Frequency Identification and Noise Detector (FINDr) Software
With FINDr, you have the ability to visualize and analyze your recorded data. The FINDr software gives you instant access to an integrated audio/video panorama and breaks down the data for you in helpful graphs for both time and frequency domain analysis.
Real-time visualization of noise sources and reflections
On-the-fly imaging of 1/3 octave bands and arbitrary frequency ranges
Intuitive and easy to use – deep dive into recordings
Find reflections quickly – slow motion movies of acoustic data at 4000 fps
Streamlined start-up procedure for fastest set-up in the industry
Optimized session management for easy data comparison
When a rotating machine (or its part) vibrates, it generates acoustic signals related to rotational speed that are caused by mechanical flaw such as misalignment, imbalance, bearing defect, etc.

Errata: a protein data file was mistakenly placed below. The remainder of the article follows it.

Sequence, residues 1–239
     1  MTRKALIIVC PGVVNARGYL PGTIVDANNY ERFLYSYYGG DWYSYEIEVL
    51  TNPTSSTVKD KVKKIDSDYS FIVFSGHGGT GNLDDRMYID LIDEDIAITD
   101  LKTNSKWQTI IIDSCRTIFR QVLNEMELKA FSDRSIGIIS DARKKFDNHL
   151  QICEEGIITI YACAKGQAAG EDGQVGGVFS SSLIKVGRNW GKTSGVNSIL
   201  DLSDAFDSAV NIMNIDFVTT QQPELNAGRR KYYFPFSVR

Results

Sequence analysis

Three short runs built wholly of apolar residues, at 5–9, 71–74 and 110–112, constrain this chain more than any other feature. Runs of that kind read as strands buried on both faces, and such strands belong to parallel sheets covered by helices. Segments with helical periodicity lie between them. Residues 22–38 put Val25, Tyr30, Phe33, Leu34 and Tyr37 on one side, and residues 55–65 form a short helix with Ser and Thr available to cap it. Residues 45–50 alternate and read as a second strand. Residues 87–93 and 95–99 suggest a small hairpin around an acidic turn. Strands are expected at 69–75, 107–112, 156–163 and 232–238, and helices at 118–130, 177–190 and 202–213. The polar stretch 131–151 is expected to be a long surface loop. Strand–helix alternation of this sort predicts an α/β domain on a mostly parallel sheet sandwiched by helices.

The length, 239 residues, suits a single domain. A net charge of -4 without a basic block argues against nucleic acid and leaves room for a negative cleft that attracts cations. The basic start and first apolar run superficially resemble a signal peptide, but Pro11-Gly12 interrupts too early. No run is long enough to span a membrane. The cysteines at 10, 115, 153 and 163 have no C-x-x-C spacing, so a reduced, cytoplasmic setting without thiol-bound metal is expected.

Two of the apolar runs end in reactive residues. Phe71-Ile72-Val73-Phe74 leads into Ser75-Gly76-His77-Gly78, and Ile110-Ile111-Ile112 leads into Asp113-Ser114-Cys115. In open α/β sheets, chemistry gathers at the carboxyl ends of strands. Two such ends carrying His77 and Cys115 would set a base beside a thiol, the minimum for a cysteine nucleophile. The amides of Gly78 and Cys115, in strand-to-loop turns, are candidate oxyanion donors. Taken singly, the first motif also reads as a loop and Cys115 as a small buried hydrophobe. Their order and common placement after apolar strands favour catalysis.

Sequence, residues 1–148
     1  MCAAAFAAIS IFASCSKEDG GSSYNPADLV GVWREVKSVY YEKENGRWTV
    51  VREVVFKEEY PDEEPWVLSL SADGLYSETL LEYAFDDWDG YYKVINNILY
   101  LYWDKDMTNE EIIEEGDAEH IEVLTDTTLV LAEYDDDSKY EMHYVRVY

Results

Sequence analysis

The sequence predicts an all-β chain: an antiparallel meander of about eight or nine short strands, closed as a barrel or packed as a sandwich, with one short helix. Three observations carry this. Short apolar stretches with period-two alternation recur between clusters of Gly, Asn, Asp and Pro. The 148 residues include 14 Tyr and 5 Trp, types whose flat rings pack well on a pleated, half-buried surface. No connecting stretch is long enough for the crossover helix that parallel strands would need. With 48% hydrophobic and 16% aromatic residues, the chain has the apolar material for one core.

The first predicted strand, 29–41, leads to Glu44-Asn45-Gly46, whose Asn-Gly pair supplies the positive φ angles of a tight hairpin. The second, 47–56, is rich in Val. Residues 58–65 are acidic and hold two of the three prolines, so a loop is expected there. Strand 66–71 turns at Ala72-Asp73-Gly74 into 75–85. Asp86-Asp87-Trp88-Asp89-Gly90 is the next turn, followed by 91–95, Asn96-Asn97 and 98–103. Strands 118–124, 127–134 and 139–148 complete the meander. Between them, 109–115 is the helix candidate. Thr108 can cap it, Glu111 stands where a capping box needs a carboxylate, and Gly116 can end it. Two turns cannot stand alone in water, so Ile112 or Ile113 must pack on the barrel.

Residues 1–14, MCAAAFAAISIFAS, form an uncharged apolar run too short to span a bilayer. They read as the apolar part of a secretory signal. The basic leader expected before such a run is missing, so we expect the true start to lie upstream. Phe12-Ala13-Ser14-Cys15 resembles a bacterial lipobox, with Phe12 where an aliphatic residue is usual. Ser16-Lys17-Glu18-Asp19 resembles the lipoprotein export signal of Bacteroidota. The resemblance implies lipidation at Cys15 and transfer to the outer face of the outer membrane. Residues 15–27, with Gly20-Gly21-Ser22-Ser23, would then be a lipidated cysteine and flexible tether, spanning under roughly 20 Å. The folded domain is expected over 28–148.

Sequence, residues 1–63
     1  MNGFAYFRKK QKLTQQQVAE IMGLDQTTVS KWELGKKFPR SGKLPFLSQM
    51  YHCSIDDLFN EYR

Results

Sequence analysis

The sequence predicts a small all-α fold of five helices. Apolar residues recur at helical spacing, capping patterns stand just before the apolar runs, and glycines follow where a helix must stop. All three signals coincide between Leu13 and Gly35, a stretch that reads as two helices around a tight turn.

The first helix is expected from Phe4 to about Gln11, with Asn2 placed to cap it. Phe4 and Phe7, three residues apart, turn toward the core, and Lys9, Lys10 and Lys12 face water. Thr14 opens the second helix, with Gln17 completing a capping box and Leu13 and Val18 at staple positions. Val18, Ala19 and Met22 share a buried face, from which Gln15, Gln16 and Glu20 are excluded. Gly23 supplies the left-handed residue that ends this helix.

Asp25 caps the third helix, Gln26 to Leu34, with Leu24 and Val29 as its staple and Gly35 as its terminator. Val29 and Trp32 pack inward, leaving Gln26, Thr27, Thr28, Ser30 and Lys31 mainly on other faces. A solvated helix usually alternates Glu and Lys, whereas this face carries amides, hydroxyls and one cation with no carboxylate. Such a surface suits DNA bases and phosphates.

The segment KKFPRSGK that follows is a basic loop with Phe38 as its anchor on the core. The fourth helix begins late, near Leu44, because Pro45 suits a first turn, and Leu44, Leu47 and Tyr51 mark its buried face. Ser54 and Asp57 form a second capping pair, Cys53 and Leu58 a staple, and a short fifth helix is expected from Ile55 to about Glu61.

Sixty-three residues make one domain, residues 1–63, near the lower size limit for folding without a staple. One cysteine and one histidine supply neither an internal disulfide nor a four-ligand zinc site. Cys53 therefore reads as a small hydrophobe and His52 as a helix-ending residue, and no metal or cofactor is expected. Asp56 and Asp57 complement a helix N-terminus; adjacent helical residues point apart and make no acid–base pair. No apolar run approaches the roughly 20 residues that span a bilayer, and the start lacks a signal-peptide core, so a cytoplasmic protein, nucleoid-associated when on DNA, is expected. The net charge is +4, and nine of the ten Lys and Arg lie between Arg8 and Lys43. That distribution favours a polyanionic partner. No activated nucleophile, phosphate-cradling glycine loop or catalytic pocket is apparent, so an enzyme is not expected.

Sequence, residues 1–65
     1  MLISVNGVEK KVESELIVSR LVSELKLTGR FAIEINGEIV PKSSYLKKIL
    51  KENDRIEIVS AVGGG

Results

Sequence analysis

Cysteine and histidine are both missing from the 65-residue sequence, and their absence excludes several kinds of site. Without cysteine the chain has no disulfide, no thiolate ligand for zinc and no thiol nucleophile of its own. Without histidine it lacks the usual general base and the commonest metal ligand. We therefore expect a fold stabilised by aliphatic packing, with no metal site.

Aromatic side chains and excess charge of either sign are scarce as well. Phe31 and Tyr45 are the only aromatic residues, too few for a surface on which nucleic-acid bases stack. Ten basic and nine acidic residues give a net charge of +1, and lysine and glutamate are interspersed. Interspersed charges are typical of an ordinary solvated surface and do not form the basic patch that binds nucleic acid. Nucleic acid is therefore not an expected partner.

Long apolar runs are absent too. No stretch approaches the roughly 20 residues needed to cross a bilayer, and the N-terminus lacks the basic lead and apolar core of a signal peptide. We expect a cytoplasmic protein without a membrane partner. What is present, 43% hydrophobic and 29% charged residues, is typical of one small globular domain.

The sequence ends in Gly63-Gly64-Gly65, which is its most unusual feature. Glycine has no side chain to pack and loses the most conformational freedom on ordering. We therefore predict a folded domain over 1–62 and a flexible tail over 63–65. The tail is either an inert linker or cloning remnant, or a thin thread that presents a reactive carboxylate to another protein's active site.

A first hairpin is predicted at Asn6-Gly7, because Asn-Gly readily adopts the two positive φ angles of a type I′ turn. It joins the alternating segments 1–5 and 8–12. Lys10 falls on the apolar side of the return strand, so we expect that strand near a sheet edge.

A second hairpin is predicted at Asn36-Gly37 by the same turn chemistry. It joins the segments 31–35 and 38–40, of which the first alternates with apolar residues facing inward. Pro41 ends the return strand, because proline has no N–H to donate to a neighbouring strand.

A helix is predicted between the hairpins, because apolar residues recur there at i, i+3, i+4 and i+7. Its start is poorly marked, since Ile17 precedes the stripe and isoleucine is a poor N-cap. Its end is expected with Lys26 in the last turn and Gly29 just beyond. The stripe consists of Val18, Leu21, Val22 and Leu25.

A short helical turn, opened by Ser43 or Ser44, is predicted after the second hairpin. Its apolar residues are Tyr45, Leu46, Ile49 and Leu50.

Order (harmonic component) analysis has been one of the most popular analysis methods for detecting such flaws in various fields of industry: automotive; aerospace, industrial equipment, household appliances, etc. Reliability engineers mostly rely on order analysis for examining rotating machinery. Behavioral analysis for rotating or reciprocating machinery is essentially related with the rotational speed and its harmonic components.
Some of those components are observable in acoustic signal itself in the time domain. However the pattern appears fairly complex. One way to reduce this complexity is to apply a power spectrum. It is more distinguishable in the frequency domain by depicting machine-related signal component. In the power-spectrum, signals that are periodic in the time domain appear as peaks in the frequency domain. For example, if a vibration peak occurs twice every revolution at the same shaft position, a peak appears at the second order in the order spectrum. However, the power spectrum is not applicable when the speed of rotating machine changes.
Order tracking is a method to evaluate orders (harmonic component) regardless of the rotation speed of machine. This can be done by synchronizing the sampling of input signals to the instantaneous angular position of the machine shaft using a resampling technique. As illustrated in Figure 1, rather than a constant number of samples per time, this results in a constant number of samples per revolution and transforms the analysis to the order domain rather than the frequency domain.